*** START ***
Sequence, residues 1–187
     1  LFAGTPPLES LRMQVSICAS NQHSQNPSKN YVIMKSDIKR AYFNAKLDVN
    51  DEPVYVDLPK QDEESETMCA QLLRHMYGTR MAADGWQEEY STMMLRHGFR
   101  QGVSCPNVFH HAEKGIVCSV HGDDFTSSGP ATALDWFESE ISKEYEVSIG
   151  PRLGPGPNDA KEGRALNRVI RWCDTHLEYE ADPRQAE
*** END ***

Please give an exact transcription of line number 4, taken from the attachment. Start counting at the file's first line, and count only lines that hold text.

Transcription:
   101  QGVSCPNVFH HAEKGIVCSV HGDDFTSSGP ATALDWFESE ISKEYEVSIG